Sunday, October 7, 2012

US immigration chief: Same-sex ties are family ties

Same-sex couples will be considered “family relationships” in immigration proceedings, according to Department of Homeland Security Secretary Janet Napolitano, a move that could help stem the deportation of those in gay or lesbian binational relationships.

Close family ties to the United States are a factor considered by authorities in deportation cases, and gay and lesbian advocates have long argued for same-sex couples to have the same immigration rights as opposite-sex couples.

“In an effort to make clear the definition of the phrase ‘family relationships,’ I have directed ICE to disseminate written guidance to the field that the interpretation of the phrase ‘family relationships’ includes long-term, same-sex partners,” Napolitano said in a letter.

Eight-four members of Congress signed a joint letter to Napolitano on July 31 asking for her to put into writing an order to prevent the deportation and separation of immigrants from their American citizen same-sex partners.

 One of those who penned the letter, U.S. Congressman Michael Honda of California, said Napolitano’s response, which he received Thursday night, heralded “promising news.”

“In the wake of this important victory, we must take a step forward and continue the fight for immigration reform. Current immigration laws are tearing families apart and separating American citizens from their loves ones,” he said in a statement. “No one should have to choose between their spouse and their country, and no family should be left out of the immigration system.”

There are an estimated 36,000 binational gay couples in the U.S. Two such couples have brought lawsuits challenging the Defense of Marriage Act, a U.S. law passed in 1996 that bars federal recognition of same-sex marriages and thereby denies various benefits given to heterosexual couples, such as the right to immigrate.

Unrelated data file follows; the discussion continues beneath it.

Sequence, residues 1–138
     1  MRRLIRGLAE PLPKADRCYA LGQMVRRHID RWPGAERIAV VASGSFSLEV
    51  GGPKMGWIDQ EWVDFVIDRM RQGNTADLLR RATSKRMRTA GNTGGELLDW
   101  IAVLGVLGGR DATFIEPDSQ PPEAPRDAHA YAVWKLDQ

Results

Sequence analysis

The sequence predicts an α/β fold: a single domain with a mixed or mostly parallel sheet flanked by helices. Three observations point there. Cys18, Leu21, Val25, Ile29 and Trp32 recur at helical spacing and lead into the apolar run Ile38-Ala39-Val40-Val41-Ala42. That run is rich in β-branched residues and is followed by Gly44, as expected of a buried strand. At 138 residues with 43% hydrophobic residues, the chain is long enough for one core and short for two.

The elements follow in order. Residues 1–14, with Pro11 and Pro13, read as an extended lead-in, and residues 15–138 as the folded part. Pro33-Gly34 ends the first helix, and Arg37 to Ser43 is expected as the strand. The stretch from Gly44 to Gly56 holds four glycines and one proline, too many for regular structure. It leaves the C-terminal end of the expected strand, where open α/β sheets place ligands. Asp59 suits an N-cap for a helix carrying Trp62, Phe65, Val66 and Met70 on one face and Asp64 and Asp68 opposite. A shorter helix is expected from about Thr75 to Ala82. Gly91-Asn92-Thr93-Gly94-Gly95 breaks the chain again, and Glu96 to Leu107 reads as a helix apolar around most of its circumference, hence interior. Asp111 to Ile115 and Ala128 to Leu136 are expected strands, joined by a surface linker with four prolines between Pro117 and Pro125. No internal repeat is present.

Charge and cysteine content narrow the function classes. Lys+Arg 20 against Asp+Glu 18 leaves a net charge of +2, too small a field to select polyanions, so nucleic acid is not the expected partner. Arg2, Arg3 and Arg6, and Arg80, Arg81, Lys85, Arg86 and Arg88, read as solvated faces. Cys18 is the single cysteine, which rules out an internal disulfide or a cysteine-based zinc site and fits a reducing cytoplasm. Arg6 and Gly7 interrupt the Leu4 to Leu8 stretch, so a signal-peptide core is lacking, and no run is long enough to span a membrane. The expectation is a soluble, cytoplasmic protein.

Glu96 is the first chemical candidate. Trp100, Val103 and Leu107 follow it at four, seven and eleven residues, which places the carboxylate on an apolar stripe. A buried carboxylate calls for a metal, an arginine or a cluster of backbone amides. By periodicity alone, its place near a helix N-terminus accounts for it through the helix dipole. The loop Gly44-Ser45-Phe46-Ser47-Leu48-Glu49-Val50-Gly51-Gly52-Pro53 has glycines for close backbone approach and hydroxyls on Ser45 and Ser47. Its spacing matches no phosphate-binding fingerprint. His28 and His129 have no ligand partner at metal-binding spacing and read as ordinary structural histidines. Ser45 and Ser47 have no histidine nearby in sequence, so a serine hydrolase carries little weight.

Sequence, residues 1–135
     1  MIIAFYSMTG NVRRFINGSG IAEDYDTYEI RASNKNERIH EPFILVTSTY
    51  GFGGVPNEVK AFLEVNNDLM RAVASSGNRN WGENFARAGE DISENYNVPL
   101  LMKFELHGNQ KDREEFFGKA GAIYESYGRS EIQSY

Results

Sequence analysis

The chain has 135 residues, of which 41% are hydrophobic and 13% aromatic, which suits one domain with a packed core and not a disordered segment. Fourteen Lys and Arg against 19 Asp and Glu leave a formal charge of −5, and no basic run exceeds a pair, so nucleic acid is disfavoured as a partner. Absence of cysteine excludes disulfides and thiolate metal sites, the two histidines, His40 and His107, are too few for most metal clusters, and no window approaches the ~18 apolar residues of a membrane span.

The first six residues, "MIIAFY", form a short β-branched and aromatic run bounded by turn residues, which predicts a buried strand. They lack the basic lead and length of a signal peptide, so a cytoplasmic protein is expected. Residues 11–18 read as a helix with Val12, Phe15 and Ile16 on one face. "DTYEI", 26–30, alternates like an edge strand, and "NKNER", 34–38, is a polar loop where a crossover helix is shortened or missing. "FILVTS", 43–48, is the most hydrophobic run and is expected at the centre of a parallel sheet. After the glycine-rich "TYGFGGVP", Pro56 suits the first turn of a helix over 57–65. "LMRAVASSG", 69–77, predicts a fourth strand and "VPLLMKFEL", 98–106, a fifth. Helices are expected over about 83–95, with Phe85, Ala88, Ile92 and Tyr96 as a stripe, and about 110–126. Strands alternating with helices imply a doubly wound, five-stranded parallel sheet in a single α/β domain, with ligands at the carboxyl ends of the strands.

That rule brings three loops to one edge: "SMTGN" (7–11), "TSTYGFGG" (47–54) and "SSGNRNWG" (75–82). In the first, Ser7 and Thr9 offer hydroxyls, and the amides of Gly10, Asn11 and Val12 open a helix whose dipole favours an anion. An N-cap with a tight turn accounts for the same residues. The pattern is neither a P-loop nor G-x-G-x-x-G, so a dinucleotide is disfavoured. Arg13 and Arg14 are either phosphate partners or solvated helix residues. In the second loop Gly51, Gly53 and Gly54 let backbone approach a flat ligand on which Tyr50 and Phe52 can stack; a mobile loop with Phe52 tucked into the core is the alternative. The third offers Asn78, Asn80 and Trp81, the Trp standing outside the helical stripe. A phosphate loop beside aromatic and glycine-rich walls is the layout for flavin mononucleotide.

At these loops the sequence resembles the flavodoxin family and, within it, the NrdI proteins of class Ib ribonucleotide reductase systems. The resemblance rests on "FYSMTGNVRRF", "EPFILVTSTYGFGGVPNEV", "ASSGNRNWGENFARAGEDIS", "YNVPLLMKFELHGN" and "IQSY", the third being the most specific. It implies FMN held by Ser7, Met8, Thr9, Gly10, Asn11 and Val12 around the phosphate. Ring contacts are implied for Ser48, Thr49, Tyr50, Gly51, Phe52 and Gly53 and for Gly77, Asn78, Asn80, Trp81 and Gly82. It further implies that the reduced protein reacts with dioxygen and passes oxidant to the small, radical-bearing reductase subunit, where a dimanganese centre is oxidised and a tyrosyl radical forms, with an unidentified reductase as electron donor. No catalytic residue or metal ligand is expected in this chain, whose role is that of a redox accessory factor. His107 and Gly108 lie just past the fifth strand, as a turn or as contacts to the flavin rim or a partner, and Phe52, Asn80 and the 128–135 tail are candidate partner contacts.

Rachel B. Tiven, executive director of Immigration Equality, called the announcement a “huge step forward.”

“Until now, LGBT families and their lawyers had nothing to rely on but an oral promise that prosecutorial discretion would include all families. Today, DHS has responded to Congress and made that promise real. The Administration’s written guidance will help families facing separation and the field officers who are reviewing their cases,” she said in a statement.

Tiven was referring to the prosecutorial discretion laid out in June 2011, when ICE Director John Morton issued a memo requiring staff  to consider the circumstances presented in individual deportation cases, such as whether the person has close family ties to the U.S.


Australia:  Immigration crackdown: over 10,000 student visas revoked

THE Immigration Department cancelled more than 10,000 student visas in the past financial year, with many students failing to fulfil course requirements.

The department revoked 2219 student visas in 2011/12 for failure to meet course progress or attendance benchmarks.

Two visas were cancelled on character grounds and 15 visas withdrawn for providing wrong information or bogus documents. A department spokesman said student visas were also cancelled if the holders falsely claimed to be students.

The department cancelled 3107 visas for non-genuine students, breaches of visa conditions and voluntary requests for cancellation. The department is currently compiling figures for the previous financial year.

Earlier this week, The Age reported an underground market for university essays in Australia was proliferating with "online essay mills" targeting international students through Chinese language social media sites.

In the year to August, there were 461,477 enrolments by full-fee paying international students in Australia. But enrolments had declined by 7.6 per cent compared with the same period the year before, according to Australian Education International.

These figures include students studying at university, TAFE and secondary school.

Foreign students make a massive contribution to the Australian economy with international education accounting for $16.3 billion in export income in 2010/11.

But International Association of Universities secretary-general Eva Egron-Polak said international students offered far greater value than income.

Ms Egron-Polak, who spoke at an international education conference in Melbourne this week, said universities around the world needed to foster stronger cultural and academic links with international students. "They really do enrich our lives and our study," she said.

Ms Egron-Polak said Australian universities would face stronger competition to attract foreign students from Asian countries, including China and Malaysia, which were improving the quality of their higher education sectors.

"Those countries have invested heavily in building their own capacity in higher education. China is now almost balancing the number of outgoing and incoming students," she said.


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